Four decades ago, California conservatives exploited frustrations over housing to help the rich become richer. Now progressives in New York have turned the tables.
Our current health care system in the United States works just fine — for the corporate executives who run it. Take, for instance, Michael Mussallem. This eminent power suit has been the CEO at Edwards Lifesciences, a California-based company that makes heart valves and assorted other medical devices, ever since 2000. Since 2010, Mussallem has pocketed an astounding $246 million in compensation.
Actually, astounding might not be the right word here. In the health care industry, colossally large paychecks for top executives have become standard operating procedure. In fact, four health industry CEOs have made more than Musselman since 2010.
One made much more. John Martin, the former top exec of the pharmaceutical giant Gilead Sciences, has collected $863 million over the past seven years.
Overall, the CEOs at 70 major American health care companies have grabbed, just since 2010, a combined $9.8 billion. That comes to an average annual take-home of $20 million per exec.
All these numbers come from researchers at Axios, an online news media outlet. Two top corporate watchdogs — University of Massachusetts Lowell economist William Lazonick and Matthew Hopkins of the Academic-Industry Research Network — have confirmed the Axios pay figures.
The health care industry, for its part, is doing its best to ignore and dismiss these new executive pay totals. The national outlay for health care last year hit $3.35 trillion, goes the industry’s reasoning. Next to those trillions, the mere billions that go to health care execs amount to no more than a drop in the bucket, a tiny drip from an IV.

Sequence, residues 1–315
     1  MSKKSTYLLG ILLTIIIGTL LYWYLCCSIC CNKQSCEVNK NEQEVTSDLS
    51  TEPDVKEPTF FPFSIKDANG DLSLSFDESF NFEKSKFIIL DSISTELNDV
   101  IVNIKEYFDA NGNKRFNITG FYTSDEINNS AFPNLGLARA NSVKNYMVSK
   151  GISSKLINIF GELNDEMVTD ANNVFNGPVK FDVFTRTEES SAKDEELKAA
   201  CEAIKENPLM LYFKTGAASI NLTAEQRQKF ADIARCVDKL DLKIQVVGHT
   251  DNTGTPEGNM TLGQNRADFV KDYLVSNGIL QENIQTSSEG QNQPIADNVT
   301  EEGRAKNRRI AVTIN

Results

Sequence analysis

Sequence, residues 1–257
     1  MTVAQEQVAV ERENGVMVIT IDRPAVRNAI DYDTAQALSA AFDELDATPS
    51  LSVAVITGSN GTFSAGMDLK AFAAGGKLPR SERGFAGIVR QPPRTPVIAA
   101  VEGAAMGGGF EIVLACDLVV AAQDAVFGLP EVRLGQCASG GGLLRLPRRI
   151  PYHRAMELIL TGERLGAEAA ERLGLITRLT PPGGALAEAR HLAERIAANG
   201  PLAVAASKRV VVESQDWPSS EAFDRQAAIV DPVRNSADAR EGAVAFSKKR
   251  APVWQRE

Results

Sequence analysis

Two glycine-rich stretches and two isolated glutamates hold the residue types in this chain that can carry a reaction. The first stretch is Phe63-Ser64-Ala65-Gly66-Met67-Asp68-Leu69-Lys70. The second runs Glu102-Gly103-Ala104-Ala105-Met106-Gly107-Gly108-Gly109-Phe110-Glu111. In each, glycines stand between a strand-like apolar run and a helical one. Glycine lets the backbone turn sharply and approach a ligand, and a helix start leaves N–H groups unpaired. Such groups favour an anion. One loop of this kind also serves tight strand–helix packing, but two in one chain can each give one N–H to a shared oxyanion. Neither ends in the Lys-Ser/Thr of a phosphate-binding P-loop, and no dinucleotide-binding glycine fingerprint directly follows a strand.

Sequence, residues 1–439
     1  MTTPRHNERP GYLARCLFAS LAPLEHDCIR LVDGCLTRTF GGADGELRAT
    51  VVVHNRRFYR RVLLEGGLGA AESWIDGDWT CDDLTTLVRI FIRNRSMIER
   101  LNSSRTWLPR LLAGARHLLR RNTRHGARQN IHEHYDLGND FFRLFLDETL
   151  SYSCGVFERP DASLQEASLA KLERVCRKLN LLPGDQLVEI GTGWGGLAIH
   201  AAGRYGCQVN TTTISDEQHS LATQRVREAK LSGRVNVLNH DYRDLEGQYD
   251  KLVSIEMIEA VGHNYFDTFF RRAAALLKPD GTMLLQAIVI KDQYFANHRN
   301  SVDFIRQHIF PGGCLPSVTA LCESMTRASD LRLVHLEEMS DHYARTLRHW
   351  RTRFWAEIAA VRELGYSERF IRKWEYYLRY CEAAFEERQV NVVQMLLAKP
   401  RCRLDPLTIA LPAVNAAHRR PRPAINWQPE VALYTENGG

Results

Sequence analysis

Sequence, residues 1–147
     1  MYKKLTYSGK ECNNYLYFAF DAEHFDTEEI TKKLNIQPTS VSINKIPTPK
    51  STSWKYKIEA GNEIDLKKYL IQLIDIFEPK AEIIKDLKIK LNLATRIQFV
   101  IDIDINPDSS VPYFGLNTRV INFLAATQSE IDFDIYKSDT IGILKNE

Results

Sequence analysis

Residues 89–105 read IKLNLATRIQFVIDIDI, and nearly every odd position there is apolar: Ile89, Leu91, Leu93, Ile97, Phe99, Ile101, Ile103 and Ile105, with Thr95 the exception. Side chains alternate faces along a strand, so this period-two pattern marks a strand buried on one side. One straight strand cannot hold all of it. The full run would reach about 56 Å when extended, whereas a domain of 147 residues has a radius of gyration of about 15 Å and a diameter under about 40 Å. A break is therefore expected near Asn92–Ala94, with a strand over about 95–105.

But this glib defense of executive excess in health care totally ignores the real danger in the big bucks cascading into corporate CEO pockets: Outrageous pay gives CEOs an incentive to behave outrageously — at the expense of our health.
How so? The vast bulk of corporate executive pay today comes in the form of stock awards. The higher a company’s share price, the heftier the CEO’s compensation. This stock connection encourages CEOs to single-mindedly focus on raising their company share prices by any means necessary.
Among those any means: Pharmaceutical CEOs will jack up prices on prescription drugs and do whatever they can to get doctors to prescribe more pills. Health providers will push unnecessary tests and procedures. Hospital chiefs will downsize support staffs for patients. All these decisions fatten corporate bottom lines, pump up corporate share prices, and leave our health care downgraded.
How could health care get better? Blue-ribbon commissions have all sorts of suggestions. They urge us to eliminate unnecessary procedures, tests, and devices. We need to better coordinate care, they add, and lower prices.
Corporate CEOs in the health industry have no incentive to take any of these steps. They want to keep the health care industry a “free market” Wild, Wild West where the biggest corporate players get to keep whatever they have the power to grab.
We need to break that power. And that brings us to the good news: Prospects for real change in health care are rapidly moving onto America’s political center stage. We now have 16 United States senators on the record supporting an overhaul of the U.S. health care system — introduced by Vermont senator Bernie Sanders — that places people first, not CEO paychecks.
This “single payer” Medicare for all overhaul would both guarantee every American access to health care and give the American public the bargaining power to blunt the greed grabs of the corporate health care industry.
Just a few short years ago, this industry had both our major political parties too cowed to even discuss a move to Medicare for all. That discussion has now begun.
Sam Pizzigati, an Institute for Policy Studies associate fellow, co-edits Inequality.org. His latest book — The Rich Don’t Always Win: The Forgotten Triumph over Plutocracy that Created the American Middle Class, 1900-1970 — traces how average Americans ended the nation’s original Gilded Age. Follow him at @Too_Much_Online.